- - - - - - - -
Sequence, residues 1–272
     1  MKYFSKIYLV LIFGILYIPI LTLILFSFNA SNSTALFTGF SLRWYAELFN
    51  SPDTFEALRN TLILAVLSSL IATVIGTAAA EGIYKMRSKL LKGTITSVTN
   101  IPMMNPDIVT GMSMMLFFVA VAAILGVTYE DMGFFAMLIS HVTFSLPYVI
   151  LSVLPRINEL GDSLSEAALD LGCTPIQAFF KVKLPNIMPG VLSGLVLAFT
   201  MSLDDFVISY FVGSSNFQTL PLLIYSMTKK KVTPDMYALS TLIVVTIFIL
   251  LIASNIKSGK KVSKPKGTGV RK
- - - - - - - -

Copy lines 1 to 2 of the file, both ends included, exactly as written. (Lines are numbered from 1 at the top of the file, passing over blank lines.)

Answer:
Sequence, residues 1–272
     1  MKYFSKIYLV LIFGILYIPI LTLILFSFNA SNSTALFTGF SLRWYAELFN